Letter to Socialism Today responding to Judy Beishon’s review of Professor Robert Plomin’s Blueprint: How DNA Makes Us Who We Are (Socialism Today, June 2019).

Judy Beishon’s review of Professor Robert Plomin’s Blueprint: How DNA Makes Us Who We Are (Socialism Today, June 2019), in my opinion, bends the stick far too far towards accepting Plomin’s biological determinist theories on the relationship between intelligence and genetics.

One of the world’s leading Marxist critics of these dangerous ideas is Richard Lewontin, whose book, The Doctrine of DNA (1991), conclusively demonstrated that “there is not a shred of evidence” for biological determinist views (Socialism Today, February 1998). When Lewontin’s critical book was initially reviewed in Socialism Today it was only a few years since Charles Murray and Richard Herrnstein had attempted to revive scientific racism with the publication of The Bell Curve, a book which Judy correctly slams for promoting “abhorrent racist claims about intelligence”.

So, what should we make of the fact that in 1994 Plomin was one of 52 signatories to a letter published in the Wall Street Journal that defended the intellectual basis for the arguments made in The Bell Curve? A letter which had been penned by Linda Gottfredson, an academic whose own IQ research had recently benefited from the largesse of the most vicious funder of scientific racism in America — the Pioneer Fund.

Of course, Plomin’s defence of The Bell Curve is decades old, but it seems that his reactionary views haven’t really evolved. For example, in Blueprint Plomin simply characterises The Bell Curve as a book that “warned that society was becoming stratified into an hereditary elite and an underclass.” It seems that the only lesson that Plomin has learnt from earlier genetic determinists is that it is more strategic to cloak his backward-looking ideas in a cloud of liberal platitudes. Hence, he states that his views are different from those of Murray and Herrnstein because he does not believe, like they did, that “genetic castes” are inevitable. All the same, Plomin concludes that “performance on tests of school achievement is 60 per cent heritable on average. That is, more than half of the differences between children in how well they do at school is due to inherited DNA differences.”

This is why it is so worrying that Socialism Today’s review of Plomin’s book states that: “Some of Plomin’s detractors have distorted or misunderstood his message as ‘genetic determinism’.” Their review then defends him by adding: “Plomin stresses that ‘genetic influence means just that – influence, not hard-wired genetic determinism’.” We are to apparently take Plomin on his word of his good intentions.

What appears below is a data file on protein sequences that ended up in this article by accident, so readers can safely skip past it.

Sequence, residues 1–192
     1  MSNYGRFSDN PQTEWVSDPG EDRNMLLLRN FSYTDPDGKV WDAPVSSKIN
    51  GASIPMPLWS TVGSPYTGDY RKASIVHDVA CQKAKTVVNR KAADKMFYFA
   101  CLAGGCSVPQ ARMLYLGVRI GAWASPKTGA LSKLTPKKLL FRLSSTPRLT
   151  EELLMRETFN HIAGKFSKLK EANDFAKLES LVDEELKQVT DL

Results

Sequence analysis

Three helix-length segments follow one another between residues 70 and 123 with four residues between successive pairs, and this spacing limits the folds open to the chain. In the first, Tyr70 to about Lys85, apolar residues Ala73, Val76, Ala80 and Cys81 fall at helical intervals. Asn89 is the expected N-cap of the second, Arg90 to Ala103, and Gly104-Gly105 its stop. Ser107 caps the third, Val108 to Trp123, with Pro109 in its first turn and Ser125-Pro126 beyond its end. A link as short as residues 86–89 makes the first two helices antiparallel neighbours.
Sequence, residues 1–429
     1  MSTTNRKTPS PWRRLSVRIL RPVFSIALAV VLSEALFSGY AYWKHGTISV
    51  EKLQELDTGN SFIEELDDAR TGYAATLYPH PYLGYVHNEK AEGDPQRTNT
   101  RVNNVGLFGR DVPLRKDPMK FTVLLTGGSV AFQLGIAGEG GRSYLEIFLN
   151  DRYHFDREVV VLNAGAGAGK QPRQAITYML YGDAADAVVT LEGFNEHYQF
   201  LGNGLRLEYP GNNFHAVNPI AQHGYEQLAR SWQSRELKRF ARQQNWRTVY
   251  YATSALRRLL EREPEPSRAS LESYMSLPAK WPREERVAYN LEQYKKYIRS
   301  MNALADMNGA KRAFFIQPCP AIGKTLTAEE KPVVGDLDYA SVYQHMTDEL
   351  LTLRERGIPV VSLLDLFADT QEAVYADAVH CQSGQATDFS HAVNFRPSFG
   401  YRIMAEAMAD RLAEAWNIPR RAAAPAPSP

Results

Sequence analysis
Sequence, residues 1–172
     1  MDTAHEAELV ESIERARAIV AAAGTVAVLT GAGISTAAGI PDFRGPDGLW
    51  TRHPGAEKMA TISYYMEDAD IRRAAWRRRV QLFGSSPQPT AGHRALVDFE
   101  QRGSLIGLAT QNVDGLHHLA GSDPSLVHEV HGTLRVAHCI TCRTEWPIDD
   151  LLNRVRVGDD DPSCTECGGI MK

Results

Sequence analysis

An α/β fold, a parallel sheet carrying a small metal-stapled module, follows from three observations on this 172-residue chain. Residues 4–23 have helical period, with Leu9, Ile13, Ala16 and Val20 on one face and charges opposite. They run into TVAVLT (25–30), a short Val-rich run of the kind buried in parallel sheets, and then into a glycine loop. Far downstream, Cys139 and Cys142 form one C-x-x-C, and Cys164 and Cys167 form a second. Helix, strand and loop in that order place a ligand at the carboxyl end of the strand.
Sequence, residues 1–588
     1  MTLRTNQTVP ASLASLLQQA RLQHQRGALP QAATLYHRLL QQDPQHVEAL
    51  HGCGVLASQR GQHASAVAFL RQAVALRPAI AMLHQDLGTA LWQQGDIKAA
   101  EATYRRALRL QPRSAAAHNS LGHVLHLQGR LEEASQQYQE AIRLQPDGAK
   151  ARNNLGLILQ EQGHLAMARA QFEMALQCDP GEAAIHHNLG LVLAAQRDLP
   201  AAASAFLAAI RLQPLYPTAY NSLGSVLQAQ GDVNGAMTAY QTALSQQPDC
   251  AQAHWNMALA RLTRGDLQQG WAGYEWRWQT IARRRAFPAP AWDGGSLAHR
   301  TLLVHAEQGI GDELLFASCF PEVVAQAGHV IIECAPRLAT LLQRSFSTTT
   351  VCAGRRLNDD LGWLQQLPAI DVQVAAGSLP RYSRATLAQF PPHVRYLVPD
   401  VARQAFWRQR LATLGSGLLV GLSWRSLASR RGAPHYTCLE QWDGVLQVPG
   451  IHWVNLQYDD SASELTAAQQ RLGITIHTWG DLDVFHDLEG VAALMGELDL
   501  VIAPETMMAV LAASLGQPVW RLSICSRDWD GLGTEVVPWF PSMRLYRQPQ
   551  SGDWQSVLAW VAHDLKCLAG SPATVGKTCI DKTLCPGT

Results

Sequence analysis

To her credit Judy highlights the controversial nature of “Plomin’s views on one of his specialisations, educational achievement.” But rather than shed light on the dangers inherent in Plomin’s scientism, she leans the other way, emphasizing how his conclusions could be utilised to reduce inequality.

The outwardly neutral way in which Plomin presents his biological determinism, however, is partially unmasked in the only paragraph in Blueprint that mentions the issue of racism. Here Plomin disingenuously asserts that the fierce debate that has raged over the last century over the influence of “genetic research on intelligence… was driven by misplaced fears about biological determinism, eugenics and racism.” To support this nonsense Plomin cites a 2017 Nature editorial whose main argument hinges upon the words of the editor of Intelligence — a controversial journal whose parent organization was founded in 2000 with the aid of the aforementioned Linda Gottfredson. (Another recent member of the journal’s editorial board is a white supremacist academic named Richard Lynn, who is a current board member of the Pioneer Fund, and actually served alongside Plomin on Intelligence’s editorial board when the Nature article was published in 2017.)

It turns out the editor-in-chief of Intelligence, Richard Haier, is less coy than Plomin about his intellectual forbears, two of whom, Hans Eysenck and Arthur Jensen, are notorious for their longstanding commitment to promoting scientific racism. In his recent book The Neuroscience of Intelligence (Cambridge University Press, 2017) Haier proudly refers to foundational (racist) IQ research in the early twentieth century as having “admirable” goals and defends the analyses presented in The Bell Curve.

Later in The Neuroscience of Intelligence Haier refers to the economic poverty inflicted upon the 51 million US citizens that are currently identified as having low IQ’s “may have some roots in the neurobiology of intelligence beyond anybody’s control.” In keeping with this reactionary train of thought, Haier, in line with the arguments presented in Blueprint, asserts that there is “no compelling evidence” that things like “supporting programs for early childhood education, jobs training, affordable childcare, food assistance, and access to higher education” can help “increase intelligence”. Haier then discusses the relevance of Plomin’s earlier book G is for Genes about tailoring education to meeting each “student’s genetic endowment”, observing that Plomin’s conclusions are “strikingly similar to Jensen’s conclusions more than 45 years ago.” This comparison is sadly all too accurate, and one can only hope that future articles in Socialism Today will engage more critically with the most recent iterations of scientific racism.

Blueprint review


A longer version of this letter was first submitted to Socialism Today for consideration as a response to Judy’s review on June 12, 2019.

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